A hiker overlooks the Arkansas River Valley from high atop Pinnacle Mountain State Park. (photo courtesy of Arkansas State Parks)
After being largely holed up indoors over the course of the pandemic, it might be a good idea to start 2023 off with a refreshing stint spent out under the wide-open sky. At the same time, you could jumpstart those New Year’s resolutions by burning off excess holiday calories with some fresh-air exercise.
The U.S. State Parks are collectively encouraging Americans to do just that—enjoy the great outdoors and soak up the many health benefits of time spent in nature—by offering free guided hikes at state parks from coast to coast on New Year’s Day.
“It’s our way of wishing health and happiness for the coming new year,” Lewis Ledford, executive director of the National Association of State Park Directors, said in a statement.
Guided ‘First Day Hikes’, available to the public free of change on January 1, are led by park staff members and volunteers with expert knowledge of the protected lands in their respective regions. The distance and difficulty of these trails will vary, but are designed to be enjoyed by park-goers of all ages. Guests can also opt for self-guided hikes and trail challenges.
“Recent research is confirming the benefits of just 30 minutes a week spent in nature, and what better way to start a new healthy habit for 2023 than taking advantage of hikes being offered in state parks across the nation,” said Ledford. “Our hope is that this event will stimulate a passion for the outdoors and a desire to explore our local treasures throughout the entire year.”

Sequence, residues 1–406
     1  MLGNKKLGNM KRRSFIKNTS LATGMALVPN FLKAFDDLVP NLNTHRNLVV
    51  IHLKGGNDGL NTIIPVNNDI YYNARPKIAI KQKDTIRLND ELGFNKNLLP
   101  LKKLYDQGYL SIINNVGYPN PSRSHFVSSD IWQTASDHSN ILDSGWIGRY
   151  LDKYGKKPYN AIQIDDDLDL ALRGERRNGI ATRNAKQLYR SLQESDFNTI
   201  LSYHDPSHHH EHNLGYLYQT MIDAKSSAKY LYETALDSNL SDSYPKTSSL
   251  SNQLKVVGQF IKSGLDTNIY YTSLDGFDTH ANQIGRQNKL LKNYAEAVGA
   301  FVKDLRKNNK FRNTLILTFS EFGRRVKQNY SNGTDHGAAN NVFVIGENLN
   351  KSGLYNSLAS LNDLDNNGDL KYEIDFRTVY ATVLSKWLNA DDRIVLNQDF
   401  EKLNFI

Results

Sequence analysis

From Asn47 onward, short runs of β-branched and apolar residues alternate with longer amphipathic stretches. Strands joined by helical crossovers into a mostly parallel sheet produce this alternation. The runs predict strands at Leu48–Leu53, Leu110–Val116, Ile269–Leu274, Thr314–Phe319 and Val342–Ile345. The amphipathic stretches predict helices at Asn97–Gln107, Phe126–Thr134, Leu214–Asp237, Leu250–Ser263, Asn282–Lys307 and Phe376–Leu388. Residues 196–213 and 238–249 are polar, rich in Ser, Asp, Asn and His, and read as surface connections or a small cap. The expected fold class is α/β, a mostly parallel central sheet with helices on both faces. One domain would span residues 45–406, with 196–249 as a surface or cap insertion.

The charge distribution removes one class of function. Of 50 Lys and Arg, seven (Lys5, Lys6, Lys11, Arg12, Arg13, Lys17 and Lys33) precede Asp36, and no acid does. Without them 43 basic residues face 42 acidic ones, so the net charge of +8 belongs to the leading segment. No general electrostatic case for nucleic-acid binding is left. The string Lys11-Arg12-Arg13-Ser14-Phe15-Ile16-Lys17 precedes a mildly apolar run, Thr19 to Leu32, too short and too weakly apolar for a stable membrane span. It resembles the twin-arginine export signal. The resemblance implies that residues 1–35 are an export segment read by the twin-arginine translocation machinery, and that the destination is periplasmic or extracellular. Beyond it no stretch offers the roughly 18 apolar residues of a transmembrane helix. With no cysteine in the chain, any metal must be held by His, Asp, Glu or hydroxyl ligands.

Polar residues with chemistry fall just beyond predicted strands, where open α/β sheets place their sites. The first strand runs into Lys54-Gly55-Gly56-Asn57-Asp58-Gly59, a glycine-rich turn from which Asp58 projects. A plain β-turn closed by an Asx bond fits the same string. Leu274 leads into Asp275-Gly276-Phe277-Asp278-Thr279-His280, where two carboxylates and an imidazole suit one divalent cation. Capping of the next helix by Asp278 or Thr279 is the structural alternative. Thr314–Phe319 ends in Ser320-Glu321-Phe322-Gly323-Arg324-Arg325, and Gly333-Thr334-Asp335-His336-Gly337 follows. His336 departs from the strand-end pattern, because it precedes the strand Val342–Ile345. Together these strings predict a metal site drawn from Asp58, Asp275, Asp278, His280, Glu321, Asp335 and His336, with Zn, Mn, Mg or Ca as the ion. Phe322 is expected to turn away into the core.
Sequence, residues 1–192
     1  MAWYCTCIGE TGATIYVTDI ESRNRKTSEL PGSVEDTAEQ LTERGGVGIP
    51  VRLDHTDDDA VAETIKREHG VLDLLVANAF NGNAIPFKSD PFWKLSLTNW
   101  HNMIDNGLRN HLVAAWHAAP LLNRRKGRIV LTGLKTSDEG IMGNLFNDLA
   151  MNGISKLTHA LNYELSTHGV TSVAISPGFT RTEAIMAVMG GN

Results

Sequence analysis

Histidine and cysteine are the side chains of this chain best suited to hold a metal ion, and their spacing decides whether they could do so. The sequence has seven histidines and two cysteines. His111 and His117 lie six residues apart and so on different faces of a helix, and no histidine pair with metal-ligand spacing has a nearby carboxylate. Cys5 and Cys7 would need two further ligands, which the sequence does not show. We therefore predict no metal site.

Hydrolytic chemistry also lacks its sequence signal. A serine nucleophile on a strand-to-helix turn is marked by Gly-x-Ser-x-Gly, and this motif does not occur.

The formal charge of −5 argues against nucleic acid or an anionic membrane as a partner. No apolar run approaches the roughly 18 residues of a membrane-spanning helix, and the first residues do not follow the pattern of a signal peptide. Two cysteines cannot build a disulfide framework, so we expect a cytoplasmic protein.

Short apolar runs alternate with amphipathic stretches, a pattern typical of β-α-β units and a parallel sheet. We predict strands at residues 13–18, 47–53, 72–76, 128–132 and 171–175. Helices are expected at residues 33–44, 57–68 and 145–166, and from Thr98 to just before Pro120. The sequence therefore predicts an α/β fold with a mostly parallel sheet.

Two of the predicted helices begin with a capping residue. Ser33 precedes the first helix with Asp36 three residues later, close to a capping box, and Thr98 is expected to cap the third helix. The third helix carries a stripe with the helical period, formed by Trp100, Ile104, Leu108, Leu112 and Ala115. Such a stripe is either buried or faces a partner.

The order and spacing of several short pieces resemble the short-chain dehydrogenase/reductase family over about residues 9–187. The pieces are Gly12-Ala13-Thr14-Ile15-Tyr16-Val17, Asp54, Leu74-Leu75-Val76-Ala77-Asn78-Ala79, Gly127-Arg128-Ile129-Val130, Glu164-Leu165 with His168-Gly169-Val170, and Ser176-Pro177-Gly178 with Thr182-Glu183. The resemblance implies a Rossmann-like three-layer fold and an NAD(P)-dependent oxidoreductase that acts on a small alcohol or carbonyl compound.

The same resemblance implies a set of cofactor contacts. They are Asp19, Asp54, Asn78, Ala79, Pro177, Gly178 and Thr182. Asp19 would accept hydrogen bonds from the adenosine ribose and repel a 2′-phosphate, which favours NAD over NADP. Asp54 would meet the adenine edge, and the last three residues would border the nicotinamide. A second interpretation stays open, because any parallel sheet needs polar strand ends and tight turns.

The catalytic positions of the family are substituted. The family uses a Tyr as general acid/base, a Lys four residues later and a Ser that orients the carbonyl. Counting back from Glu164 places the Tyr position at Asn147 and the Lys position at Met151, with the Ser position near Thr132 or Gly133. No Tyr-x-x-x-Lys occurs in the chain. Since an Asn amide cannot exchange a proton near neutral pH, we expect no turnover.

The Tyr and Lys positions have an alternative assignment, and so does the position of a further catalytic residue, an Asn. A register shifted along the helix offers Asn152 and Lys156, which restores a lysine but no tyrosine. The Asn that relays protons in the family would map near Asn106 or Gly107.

This year, over 1,300 of these guided hikes are available at state parks across the nation. Hikers can choose from a variety of guided hikes to find one that best suits their physical ability and comfort levels, and go explore trails that wend through forests or deserts, walk along lakes or beaches, climb hills or mountains, or even venture out on birdwatching or wildlife expeditions.
“Each state enjoys unique outdoor features and wildlife on its public lands,” Ledford said. “And no matter your weather preference, whether it be snow in the north and across the Rockies or mild temperatures across the south and southwest, you can experience it all with First Day Hikes.”
Free ‘First Day Hikes’ were first introduced more than 30 years ago at the Blue Hills Reservation, a state park in Massachusetts, and the annual practice has since been extended to state parks all around the nation.
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